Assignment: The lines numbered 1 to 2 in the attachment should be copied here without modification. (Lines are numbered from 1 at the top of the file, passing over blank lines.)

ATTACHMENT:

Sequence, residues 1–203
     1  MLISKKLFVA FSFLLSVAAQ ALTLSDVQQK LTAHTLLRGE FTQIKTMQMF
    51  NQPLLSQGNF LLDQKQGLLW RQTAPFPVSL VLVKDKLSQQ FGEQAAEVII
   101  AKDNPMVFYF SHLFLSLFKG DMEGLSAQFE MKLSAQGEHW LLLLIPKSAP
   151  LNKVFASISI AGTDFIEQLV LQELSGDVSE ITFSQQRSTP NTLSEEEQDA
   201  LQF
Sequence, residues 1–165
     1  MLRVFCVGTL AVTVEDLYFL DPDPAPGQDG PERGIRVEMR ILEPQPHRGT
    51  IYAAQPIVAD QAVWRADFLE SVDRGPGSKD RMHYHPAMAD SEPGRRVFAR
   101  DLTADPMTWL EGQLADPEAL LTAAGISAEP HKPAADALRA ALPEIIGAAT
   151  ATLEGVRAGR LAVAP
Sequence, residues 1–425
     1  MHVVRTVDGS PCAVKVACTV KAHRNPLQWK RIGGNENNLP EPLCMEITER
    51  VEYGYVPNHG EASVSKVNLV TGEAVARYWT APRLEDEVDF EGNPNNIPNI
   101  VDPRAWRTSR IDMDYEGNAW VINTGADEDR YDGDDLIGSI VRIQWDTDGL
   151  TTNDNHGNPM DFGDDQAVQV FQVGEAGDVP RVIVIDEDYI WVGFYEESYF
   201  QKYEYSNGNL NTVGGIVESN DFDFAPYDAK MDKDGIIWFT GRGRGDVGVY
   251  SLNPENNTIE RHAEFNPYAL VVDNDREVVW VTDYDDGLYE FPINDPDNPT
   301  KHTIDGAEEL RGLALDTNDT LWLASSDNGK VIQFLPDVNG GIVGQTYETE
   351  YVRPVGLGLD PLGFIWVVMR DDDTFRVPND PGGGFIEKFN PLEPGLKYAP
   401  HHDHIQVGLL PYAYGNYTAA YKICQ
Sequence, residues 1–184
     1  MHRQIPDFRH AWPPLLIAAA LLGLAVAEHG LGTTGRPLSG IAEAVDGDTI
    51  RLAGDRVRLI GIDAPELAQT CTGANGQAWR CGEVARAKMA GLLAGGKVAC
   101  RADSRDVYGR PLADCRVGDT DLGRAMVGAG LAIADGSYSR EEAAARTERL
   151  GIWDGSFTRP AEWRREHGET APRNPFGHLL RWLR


Sequence, residues 1–203
     1  MLISKKLFVA FSFLLSVAAQ ALTLSDVQQK LTAHTLLRGE FTQIKTMQMF